wa8-iin-bedroom

Now I’ll leave out a lot of deeply personal details related to that job, which I greatly enjoyed, and say that I moved just one apartment down the hallways so that I could have my whole stereo and all of my records and CDs, etc. out of storage and available once again to me. Because I was still working at company “G” and had a much better headphone amp (the Woo WA6-SE) in my main system, I opted to sell the WA7tp/WA7 (with the additional linear PSU) and save the cash for some future replacement that might better work at the office. Sadly, I had to terminate my contract at that job rather abruptly because of excruciating knee pain leading to the need for a partial knee replacement. In the greatest of hopes that I would return to work soon, I bought an open box Chord Mojo, which was all the rage, and several short USB cables to drive it from my 128GB iPhone 6S so that I could just carry my music hardware with me, even had an old pair of Ultrasone Edition 8s upgraded to use the latest version of the Moon Audio Silver Dragon cable after experimenting with some less expensive headphones, and really thought I was done. Although my recovery time expanded from about 90 days to ten months during which the girlfriend of five years more or less vaporized and I found another position at big company with an office in the Silicon Valley where they very politely allowed me to use a 13” MacBook Air running Audirvana Plus as a music processing application and library manager (so bye bye iTunes) I had picked up with the recently-released Woo Audio WA8 Eclipse, a Moon Audio Black Dragon USB cable, and my old reliable Blue Dragon Beyerdynamic T70p’s terminated with a Furutech FP-704 (G) 1/4” TRS plug as my “at the office” audio system. I had picked up the very pretty Firestone headphone stand from Massdrop and, because of its battery, a simple walwart-style power supply was all the WA8 needed to keep running 24/7. I found that running all three tubes sounded best, subjectively, with my Blue Dragon T70p’s and that, in many ways, the WA8 sounded much warmer and richer than that WA7 particularly before you add the WA7tp. So that’s when I decided to carefully put away my age old Locus Design Polestar USB cable and drop in the Moon Audio Black Dragon USB Cable. That was also around the Audirvana Plus added TIDAL HI-FI support so I got a constant supply of new CD-resolution music playing through this lovely amalgamation of gear. I still occasionally bought high-resolution downloads, like 24/96 Aqualung by Jethro Tull, to rock up some energy in the afternoon.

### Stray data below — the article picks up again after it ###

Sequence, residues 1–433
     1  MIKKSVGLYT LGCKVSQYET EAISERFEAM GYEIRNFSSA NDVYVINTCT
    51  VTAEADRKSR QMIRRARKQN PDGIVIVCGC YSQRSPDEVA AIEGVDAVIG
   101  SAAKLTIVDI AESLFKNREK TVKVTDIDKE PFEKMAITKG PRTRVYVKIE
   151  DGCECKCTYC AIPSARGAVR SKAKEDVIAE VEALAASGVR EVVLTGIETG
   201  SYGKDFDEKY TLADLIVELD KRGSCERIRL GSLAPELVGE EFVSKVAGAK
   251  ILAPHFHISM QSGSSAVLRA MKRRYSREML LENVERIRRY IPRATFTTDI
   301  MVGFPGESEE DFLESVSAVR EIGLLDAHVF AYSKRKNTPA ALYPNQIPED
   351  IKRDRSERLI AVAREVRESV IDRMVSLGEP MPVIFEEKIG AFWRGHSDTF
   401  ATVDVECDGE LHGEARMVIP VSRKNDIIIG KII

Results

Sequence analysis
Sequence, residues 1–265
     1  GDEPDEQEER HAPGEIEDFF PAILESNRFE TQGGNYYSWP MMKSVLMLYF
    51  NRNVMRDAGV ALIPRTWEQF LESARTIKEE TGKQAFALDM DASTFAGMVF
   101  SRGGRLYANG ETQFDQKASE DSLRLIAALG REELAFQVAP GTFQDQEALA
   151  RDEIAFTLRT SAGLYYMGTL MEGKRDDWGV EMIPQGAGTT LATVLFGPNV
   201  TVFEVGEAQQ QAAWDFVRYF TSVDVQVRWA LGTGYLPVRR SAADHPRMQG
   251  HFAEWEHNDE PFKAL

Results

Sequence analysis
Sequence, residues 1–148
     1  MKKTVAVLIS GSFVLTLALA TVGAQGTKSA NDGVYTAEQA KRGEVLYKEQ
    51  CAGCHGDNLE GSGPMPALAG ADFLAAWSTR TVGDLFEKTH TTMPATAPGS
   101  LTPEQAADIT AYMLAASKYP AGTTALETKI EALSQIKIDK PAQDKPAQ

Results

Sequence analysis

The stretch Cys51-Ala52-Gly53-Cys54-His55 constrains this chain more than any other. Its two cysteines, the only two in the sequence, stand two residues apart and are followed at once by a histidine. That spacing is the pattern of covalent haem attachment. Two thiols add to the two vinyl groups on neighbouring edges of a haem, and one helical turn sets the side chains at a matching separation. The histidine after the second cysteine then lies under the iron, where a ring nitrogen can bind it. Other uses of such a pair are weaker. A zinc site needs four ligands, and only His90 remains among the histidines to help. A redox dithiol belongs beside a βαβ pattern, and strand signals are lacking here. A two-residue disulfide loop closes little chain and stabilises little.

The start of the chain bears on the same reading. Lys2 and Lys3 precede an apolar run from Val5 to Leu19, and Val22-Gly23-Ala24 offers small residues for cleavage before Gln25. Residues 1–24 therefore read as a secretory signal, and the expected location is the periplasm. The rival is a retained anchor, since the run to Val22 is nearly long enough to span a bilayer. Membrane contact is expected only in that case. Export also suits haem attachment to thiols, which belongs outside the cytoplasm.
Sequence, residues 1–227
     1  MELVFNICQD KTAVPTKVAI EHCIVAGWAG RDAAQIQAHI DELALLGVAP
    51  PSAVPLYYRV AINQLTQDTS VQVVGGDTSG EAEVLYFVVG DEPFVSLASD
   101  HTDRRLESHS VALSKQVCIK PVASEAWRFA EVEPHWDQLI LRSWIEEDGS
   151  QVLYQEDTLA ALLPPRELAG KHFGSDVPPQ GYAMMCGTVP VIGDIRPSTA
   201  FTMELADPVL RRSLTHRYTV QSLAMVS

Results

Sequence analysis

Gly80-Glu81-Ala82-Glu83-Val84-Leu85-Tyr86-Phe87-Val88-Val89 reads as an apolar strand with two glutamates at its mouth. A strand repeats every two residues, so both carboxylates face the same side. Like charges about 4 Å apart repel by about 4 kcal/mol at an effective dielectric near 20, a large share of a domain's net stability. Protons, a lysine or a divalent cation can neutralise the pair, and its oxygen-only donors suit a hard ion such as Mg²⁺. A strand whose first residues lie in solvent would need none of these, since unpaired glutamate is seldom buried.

I did briefly consider upgrading the headphones to, say, the Audeze LCD-XCs but was assured that they would be too heavy to wear all day, all I really didn’t want to invest in a second pair of Fostex TH900s, so I just stuck with Blue Dragon T70p’s and that was where the idea of trying out the Black Dragon USB cable came from and cost me under $100.00 my relatively short run. Again, I would say that the WA8 Eclipse DAC/amplifier (which does up to DSD128) have an overall richer, rounder sounder to it. Yes, it is more expensive than the the WA7, but it does so much more in such a small box and can run completely off of batteries for five hours or more, making in the perfect match for my 13” MacBook Air (although in practice I leave the the walwart plugged in and let the battery “buffer” the power so to speak). Of the three colors you can get, black, space gray, and gold, I choose space gray because it looked the most neutral and pretty much perfectly matched my MacBook Air. I can’t tell how much joy the WA8 brings me and knowing that I ever needed to work in another office some day, I just use one of the 2-3 Thunderbolt to USB adapters that Apple makes and use my 128GB iPhone 6S to drive the WA8 for a few hours is incredible. I did sell my Mojo to a friend and I picked up an AudioQuest Dragonfly Red to replace it, for use with the Edition 8s, when I really want to be as portable as possible and let the iPhone power both itself and the headphone DAC/headphone amp (the Dragonfly Red). It actually sounds excellent within its limits, but its no WA8 or WA7, nor did I expect it to be. If you have the room, and portability doesn’t matter, I would say the WA7 with the WA7tp will give you the best, most neutral sound for your money; but if you want the most flexible offering Woo Audio has, and you don’t need a pair of 300Bs to drive the mighty Abyss, it’s really hard to go wrong with the WA8 Eclipse. I give it my highest recommendation, and use it almost all workday long, so I do get to hear it a lot, and I know from whence I speak.